# Describe proton and electron by one wavefunction

when I was new into quantum mechanics, I thought we can describe helium atom by two wavefunctions - one for every electron. After some time I discovered how wrong I was - first, because electrons are indistinguishable we can't say 'this' electron now is here and after time it will be here, second - we take wavefunction and antisymetrize it to obtain the Pauli Exclusion Principle.

Okay, that was only an introduction. What should we do if we would like to get a full description of hydrogen atom, let's say in Dirac's equation formalism (assuming proton is elementary particle, we don't want to mess with QCD yet - if somebody has problem with that he can use positron or antimuon)? Of course the standard procedure is to get only an electron and potential from proton, maybe if we want to be super-detalic we can write another Dirac equation for proton (still spin 1/2) and perturb it by attraction from electron. But it's still not full description.

Any ideas, answers, links to handbooks? Or is it open problem? I'm not looking for calculation method, only for theoretical proposition for equation.

• You do know about tensor products don't you? Why not just take the two Hilbert spaces for the two particles and take a tensor product? Commented Feb 1, 2015 at 16:33
• To be clear: are you asking for the "usual" (i.e. with the proton considered as fixed) solution for the hydrogen atom in the relativistic case, where the Dirac equation holds? Or are you asking for what happens if you try to solve the hydrogen atom without decoupling nucleus and electron (which can be done even in the non-relativistic approximation)?
– glS
Commented Feb 1, 2015 at 16:56
• decoupling nucleus and electron. If I would want to find solution for hydrogen atom in relativistic description, believe me, i have handbooks for that :) Commented Feb 1, 2015 at 17:39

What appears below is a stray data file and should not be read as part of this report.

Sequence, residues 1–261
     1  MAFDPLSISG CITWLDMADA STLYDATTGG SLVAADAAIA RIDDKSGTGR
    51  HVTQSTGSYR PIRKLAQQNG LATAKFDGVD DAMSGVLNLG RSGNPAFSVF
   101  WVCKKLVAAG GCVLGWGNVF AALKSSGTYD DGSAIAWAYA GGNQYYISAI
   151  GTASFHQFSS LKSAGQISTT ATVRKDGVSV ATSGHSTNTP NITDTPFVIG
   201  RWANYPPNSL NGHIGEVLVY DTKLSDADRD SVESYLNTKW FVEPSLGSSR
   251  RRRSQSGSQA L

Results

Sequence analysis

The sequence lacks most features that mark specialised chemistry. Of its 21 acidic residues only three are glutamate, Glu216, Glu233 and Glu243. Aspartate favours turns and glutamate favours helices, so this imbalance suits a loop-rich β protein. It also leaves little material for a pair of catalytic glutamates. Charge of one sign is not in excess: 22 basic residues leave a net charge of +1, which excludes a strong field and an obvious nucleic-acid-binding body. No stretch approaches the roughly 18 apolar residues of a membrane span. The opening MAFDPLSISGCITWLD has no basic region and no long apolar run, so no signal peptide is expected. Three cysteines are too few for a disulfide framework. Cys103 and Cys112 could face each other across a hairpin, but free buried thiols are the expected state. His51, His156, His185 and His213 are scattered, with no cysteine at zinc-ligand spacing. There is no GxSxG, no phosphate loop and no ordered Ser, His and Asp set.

• @Martin - well, I can try with tensor products. Commented Feb 1, 2015 at 17:44

In nonrelativistic quantum mechanics you set up a wavefunction that is a function of configuration space, $\Psi(x_1,y_1,z_1, \dots , x_n,y_n,z_n,t)$. Where $(x_i,y_i,z_i)$ is the position of the i-th particle. If any particles are identical then you make sure that the wavefunction is (anti)symmetric in those coordinates. Then if you are doing a simple scalar potential you make it a function of the same configuration space, and solve the Schrödinger (or Schrödinger-Pauli) equation.
For example with hydrogen, you can have $\Psi(\vec{r}_1,\vec{r}_2,t)$ with $\vec{r}_1$ being the position of the electron and $\vec{r}_2$ being the position of the proton. No antisymmetry required. And we can have a scalar potential energy of $V(\vec{r}_1,\vec{r}_2,t)=-ke^2/|\vec{r}_1-\vec{r}_2|$. To solve it, you often use separation of variables. Most commonly (for this problem) you look for solutions of the form $\Psi(\vec{r}_1,\vec{r}_2,t)$ =$$A(x_1-x_2,y_1-y_2,z_1-z_2)C(\frac{x_1m_e+x_2m_p}{m_e+m_p},\frac{y_1m_e+y_2m_p}{m_e+m_p},\frac{z_1m_e+z_2m_p}{m_e+m_p})T(t),$$ where $A$ is a solution to the hydrogen atom with reduced mass for the relative separation of the electron and the proton, $C$ is a free particle solution for the center of mass, and $T$ is the time dependence determined by the energy.